There are plenty of rumors circulating about the abandoned school leading many to believe that the space is haunted. A cannibal principal, a janitor who would take kids down to the boiler room and burn them alive, and even rumors of devil worshippers occupying the space. These rumors have been spread far and wide, so much so that the school is nicknamed “The Devil School.” But alas, they are just rumors, and there is no real evidence of these sinister crimes ever happening. Even as I walked around snapping photos, I could feel no unwelcome presence except for the ‘Keep Out’ signs posted all around the fenced area.

Verdict: Haunted? Probably not.


Moncrief Road Cemeteries

Along Moncrief Road are a row of cemeteries. It started with the Memorial Cemetery, established in 1909 by Leo Benedict and sold to the Memorial Cemetery Association in 1911 . The association enlisted the Afro-American Life Insurance Company, founded by Abraham Lincoln Lewis, to operate and maintain the cemetery. By 1936, the Memorial Cemetery Association expanded to acquire Sunset Cemetery and Pinehurst Cemetery while the Lewis family continued to operate the site privately. During the 1920s, the Moncrief area was well known for its part in the Jacksonville entertainment business, but by the ‘60s many businesses were closed. By the late ’80s, the Lewis family sold ownership of the properties to a non-profit memorial corporation after having trouble upkeeping the cemeteries. The non-profit organization also had trouble taking care of the grounds and eventually sold them to the City of Jacksonville to continue the upkeep. To this day, Moncrief is one of the most impoverished areas in Jacksonville, and the cemeteries along its roads are no exception.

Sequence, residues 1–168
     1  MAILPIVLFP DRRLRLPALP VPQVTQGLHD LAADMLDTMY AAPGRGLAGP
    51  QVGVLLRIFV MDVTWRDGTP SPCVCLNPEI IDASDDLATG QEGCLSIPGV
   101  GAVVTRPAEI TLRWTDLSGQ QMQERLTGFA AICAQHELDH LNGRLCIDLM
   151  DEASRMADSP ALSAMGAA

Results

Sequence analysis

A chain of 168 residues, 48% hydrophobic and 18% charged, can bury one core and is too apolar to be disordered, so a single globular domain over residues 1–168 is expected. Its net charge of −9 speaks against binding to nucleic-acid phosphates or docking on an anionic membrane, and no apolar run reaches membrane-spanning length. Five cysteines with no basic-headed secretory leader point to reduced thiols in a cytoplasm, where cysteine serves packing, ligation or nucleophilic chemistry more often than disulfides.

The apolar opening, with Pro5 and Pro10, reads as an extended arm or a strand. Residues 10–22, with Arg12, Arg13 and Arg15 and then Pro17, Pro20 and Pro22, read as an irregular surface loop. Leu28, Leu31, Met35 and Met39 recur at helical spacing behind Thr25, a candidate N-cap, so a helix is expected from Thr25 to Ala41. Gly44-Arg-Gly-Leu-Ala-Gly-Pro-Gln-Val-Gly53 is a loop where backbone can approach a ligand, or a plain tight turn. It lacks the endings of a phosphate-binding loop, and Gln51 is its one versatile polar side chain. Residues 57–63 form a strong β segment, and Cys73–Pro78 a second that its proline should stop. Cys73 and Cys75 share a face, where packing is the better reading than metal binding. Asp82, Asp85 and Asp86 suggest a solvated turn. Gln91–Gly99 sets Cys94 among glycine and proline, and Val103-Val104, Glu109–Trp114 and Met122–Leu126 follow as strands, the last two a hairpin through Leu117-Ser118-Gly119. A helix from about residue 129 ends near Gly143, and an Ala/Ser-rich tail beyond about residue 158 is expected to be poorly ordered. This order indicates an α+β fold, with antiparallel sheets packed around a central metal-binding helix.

My read: When I arrived at the cemeteries, it seemed that there had been some work to try and salvage the land and keep it clear of litter, but the damage done to most of the tombstones makes it seem that the possibility of a remaining a proper burial grounds is too far out of reach. It’s as if a line had been drawn through the middle of the road—on one side, flowers and polished tombstones shining in the light and on the other side, tombstones breathe their last breath as only inches are visible through the overgrown grass. If I were a spirit buried on these grounds, I would definitely haunt the land after being so neglected.

The verdict: Haunted? I would be surprised if they weren’t.


About Ambar Ramirez

Flipping through magazines for as long as she can remember, Ambar Ramirez has always known she wanted to be a journalist. Fast forward, Ambar is now a multimedia journalist and creative for Folio Weekly. As a recent graduate from the University of North Florida, she has written stories for the university’s newspaper as well as for personal blogs. Though mainly a writer, Ambar also designs and dabbles in photography. If not working on the latest story or design project, she is usually cozied up in bed with a good book or at a thrift store buying more clothes she doesn’t need.